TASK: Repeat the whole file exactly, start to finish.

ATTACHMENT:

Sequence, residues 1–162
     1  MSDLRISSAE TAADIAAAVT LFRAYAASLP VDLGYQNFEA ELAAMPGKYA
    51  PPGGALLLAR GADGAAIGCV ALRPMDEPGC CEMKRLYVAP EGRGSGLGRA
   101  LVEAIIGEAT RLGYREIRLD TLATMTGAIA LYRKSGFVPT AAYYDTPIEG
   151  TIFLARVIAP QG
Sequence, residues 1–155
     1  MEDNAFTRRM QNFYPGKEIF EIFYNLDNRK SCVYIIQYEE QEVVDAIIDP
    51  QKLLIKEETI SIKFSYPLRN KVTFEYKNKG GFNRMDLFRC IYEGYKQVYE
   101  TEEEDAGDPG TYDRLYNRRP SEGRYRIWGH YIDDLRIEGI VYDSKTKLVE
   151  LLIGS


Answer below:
Sequence, residues 1–162
     1  MSDLRISSAE TAADIAAAVT LFRAYAASLP VDLGYQNFEA ELAAMPGKYA
    51  PPGGALLLAR GADGAAIGCV ALRPMDEPGC CEMKRLYVAP EGRGSGLGRA
   101  LVEAIIGEAT RLGYREIRLD TLATMTGAIA LYRKSGFVPT AAYYDTPIEG
   151  TIFLARVIAP QG
Sequence, residues 1–155
     1  MEDNAFTRRM QNFYPGKEIF EIFYNLDNRK SCVYIIQYEE QEVVDAIIDP
    51  QKLLIKEETI SIKFSYPLRN KVTFEYKNKG GFNRMDLFRC IYEGYKQVYE
   101  TEEEDAGDPG TYDRLYNRRP SEGRYRIWGH YIDDLRIEGI VYDSKTKLVE
   151  LLIGS